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Vital Statistics

Watershed Area 250 acres
Lake surface area 66 acres
Maximum depth 23 feet
Mean depth 15 feet
Public Park No
Boat Ramp Yes
Fish Present bass, stocked rainbow


Volunteers monitored Lake Morton from the early 1980s-2008 and resumed in 2014. This lake is lightly colored, poorly buffered against pH change, and fairly low in primary productivity (threshold mesotrophic) with very good water quality that has remained steady since 1998. Phosphorus has remained stable since 1998, as has total nitrogen.

Thermal stratification is not stable in summer, and phosphorus concentrations do not build up in deep water. Nitrogen to phosphorus ratios remain above 25:1 through summer, which suggest cyanobacteria have no competitive advantage. No toxic events have been reported to-date. Lake Morton has a public access boat launch, and residents watch for early infestations of Eurasian milfoil and other noxious weeds.

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This bathymetric map shows contour lines of equal depth, similar to a topographic map would for mountains and valleys. The red 'X' marks the location where water quality samples are taken.
This map shows the area of the watershed relative to the area of the lake. Generally speaking, the larger a watershed is relative to a lake, the greater the influence land use practices on lake water quality.

Click image to enlarge

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Water Quality Data  

Through a combination of efforts by volunteer lake monitors and King County staff, data relating to physical, chemical, and biological aspects of the lake have been collected for most lakes. The King County Lake Stewardship Program analyzes data to track long-term water quality trends in small lakes in western King County.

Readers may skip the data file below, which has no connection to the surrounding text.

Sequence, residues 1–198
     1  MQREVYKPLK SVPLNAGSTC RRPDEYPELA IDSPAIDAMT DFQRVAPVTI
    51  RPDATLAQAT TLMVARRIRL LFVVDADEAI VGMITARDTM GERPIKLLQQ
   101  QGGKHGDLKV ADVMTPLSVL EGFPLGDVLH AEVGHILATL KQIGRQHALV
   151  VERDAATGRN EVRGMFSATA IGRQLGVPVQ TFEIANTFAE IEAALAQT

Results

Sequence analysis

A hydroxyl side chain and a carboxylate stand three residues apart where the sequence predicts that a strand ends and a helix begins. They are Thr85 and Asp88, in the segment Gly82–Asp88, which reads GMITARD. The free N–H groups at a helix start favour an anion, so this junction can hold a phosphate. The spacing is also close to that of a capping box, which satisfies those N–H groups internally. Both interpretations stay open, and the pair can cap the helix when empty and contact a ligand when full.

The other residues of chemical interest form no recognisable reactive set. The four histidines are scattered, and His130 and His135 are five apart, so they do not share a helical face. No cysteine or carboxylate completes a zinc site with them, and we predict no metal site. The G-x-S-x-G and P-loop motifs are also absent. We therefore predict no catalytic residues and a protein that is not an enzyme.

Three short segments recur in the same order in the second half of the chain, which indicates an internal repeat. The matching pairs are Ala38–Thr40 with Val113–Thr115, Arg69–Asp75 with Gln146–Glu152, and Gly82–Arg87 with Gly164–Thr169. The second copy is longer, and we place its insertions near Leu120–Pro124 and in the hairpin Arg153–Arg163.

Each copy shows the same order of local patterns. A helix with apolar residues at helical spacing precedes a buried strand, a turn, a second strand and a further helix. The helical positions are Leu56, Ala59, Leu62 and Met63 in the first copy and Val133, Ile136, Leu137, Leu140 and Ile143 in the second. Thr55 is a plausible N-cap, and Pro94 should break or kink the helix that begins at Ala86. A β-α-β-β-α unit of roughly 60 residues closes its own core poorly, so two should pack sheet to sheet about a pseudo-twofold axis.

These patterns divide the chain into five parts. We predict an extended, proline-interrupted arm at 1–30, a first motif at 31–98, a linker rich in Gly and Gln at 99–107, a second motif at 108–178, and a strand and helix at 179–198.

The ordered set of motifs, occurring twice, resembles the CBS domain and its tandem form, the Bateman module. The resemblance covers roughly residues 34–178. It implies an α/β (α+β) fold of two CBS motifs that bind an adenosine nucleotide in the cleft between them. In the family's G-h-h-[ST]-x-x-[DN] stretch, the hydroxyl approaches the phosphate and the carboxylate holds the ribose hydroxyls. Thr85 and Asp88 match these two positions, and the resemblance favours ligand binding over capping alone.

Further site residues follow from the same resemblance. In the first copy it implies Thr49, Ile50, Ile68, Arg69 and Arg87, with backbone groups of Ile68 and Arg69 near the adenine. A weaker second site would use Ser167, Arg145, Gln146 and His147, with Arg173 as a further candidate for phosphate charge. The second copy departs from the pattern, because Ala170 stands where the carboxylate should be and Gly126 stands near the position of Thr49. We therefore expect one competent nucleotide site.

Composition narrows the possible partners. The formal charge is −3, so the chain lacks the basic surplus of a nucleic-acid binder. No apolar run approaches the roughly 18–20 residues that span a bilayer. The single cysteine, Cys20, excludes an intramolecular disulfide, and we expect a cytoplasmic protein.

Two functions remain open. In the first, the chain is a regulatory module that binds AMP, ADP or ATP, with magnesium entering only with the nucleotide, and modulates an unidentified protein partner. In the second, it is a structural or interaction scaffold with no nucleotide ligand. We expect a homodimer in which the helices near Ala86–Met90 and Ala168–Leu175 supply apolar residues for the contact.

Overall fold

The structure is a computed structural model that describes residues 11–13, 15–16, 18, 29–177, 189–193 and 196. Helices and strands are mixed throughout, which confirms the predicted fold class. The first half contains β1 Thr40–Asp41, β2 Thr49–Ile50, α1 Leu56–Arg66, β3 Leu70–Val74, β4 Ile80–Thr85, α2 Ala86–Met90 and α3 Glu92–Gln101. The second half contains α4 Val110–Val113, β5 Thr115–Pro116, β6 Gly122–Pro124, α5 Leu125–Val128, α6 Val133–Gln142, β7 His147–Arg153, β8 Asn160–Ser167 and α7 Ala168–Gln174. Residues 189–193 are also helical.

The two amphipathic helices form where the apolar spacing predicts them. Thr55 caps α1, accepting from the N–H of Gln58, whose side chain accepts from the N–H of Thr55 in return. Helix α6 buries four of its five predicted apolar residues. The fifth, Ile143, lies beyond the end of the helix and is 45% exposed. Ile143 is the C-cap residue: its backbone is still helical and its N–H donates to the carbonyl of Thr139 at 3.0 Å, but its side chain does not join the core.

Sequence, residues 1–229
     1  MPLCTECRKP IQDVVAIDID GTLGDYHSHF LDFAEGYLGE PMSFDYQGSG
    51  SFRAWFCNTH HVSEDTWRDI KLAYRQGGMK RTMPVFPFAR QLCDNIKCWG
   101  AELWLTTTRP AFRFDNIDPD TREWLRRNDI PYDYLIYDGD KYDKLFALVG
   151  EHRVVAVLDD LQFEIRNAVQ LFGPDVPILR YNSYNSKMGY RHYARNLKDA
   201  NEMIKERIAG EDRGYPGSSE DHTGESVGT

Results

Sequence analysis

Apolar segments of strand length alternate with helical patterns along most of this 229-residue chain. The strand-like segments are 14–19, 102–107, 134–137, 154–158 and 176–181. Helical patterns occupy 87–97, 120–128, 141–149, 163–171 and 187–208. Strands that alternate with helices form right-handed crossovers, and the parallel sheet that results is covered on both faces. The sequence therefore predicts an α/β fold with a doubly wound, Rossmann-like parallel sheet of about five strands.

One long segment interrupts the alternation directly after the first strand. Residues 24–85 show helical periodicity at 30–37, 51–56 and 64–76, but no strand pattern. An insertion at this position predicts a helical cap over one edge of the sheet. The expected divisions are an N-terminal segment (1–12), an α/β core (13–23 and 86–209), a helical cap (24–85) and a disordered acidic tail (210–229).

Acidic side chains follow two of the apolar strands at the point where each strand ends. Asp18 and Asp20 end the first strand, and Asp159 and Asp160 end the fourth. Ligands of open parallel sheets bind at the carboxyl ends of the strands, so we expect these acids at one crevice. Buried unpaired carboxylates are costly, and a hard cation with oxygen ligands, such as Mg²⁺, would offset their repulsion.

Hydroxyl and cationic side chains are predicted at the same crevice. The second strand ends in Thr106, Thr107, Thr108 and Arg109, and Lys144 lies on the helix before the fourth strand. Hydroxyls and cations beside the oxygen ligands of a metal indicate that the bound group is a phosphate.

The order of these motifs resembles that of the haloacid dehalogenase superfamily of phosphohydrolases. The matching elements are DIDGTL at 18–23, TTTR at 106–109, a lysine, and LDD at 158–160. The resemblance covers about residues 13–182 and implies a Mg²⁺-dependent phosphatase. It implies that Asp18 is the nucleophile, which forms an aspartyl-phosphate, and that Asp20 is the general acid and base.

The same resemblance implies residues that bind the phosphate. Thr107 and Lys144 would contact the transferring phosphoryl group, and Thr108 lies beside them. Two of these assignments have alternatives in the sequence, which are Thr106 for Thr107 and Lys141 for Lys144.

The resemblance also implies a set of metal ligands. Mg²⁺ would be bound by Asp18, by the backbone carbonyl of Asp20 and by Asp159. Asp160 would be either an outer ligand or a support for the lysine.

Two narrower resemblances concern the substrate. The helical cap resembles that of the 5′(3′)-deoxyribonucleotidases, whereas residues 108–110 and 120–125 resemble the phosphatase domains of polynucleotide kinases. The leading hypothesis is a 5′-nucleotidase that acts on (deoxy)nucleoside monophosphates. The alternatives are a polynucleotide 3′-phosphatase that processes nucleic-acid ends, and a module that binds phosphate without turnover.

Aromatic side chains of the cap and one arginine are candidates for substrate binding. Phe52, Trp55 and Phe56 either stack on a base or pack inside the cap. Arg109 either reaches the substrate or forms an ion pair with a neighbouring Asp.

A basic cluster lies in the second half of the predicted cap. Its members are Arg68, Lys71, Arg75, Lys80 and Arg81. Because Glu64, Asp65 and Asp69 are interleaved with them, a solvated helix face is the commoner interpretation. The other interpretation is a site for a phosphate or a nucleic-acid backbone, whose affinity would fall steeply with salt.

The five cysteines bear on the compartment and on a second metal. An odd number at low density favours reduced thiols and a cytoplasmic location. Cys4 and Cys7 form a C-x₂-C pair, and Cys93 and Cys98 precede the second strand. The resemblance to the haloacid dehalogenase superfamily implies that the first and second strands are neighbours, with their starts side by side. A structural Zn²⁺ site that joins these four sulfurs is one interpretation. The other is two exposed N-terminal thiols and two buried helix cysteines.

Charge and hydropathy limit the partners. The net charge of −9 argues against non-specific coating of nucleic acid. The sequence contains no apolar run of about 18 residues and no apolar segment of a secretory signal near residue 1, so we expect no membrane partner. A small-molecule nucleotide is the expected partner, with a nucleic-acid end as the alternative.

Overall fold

View or Download Data
Use this tool to view or download data from the lake in tabular format. You can define date ranges and select which parameters to view or download.

Chart Data
Use the charting tool to look at graphs showing single parameters for a single water year at a time.

Water quality over time
A common method of tracking water quality trends in lakes is by calculating the “trophic state index” (TSI) (Carlson, 1977) and testing the values for positive or negative trends over time. TSI indicators predict the biological productivity of the lake based on water clarity (Secchi) and concentrations of total phosphorus (TP) and chlorophyll a (Chlor). Generally at least 8 years of data without major lake management activities are needed to have confidence in a significant trend.

The average of these three TSI indicators during the growing season can be used to place lakes in one of three broad categories:
<40 = oligotrophic (low productivity),
40 to 50 = mesotrophic (moderate productivity)
>50 = eutrophic (highly productive).

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Reports and Related Links

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